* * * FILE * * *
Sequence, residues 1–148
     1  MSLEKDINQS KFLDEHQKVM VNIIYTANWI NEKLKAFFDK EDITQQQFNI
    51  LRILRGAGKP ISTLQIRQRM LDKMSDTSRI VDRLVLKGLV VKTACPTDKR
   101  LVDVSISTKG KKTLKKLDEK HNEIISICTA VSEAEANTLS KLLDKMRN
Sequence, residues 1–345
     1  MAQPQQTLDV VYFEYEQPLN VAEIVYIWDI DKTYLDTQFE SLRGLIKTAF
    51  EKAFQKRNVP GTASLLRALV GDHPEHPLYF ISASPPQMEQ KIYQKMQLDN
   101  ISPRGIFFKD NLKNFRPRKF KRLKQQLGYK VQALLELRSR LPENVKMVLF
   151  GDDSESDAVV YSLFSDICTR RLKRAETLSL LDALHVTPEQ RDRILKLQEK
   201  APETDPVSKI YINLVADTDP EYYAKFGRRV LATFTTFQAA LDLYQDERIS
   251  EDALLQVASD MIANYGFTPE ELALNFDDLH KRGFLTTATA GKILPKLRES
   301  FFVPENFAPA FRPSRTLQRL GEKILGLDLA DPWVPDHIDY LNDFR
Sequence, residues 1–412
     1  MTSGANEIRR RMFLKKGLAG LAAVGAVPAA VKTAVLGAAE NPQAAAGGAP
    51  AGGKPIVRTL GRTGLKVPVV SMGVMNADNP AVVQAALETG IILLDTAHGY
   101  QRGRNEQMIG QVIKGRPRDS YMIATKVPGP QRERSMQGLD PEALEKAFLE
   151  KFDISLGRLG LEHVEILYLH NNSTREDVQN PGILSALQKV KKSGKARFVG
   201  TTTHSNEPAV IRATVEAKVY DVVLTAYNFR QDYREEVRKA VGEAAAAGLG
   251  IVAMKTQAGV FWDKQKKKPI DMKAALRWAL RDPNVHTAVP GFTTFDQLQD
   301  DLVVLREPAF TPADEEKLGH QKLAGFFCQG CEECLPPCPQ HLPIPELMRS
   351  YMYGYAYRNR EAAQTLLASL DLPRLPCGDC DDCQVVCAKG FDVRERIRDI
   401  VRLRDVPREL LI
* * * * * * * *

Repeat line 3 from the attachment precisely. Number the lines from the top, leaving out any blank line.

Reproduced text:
    51  LRILRGAGKP ISTLQIRQRM LDKMSDTSRI VDRLVLKGLV VKTACPTDKR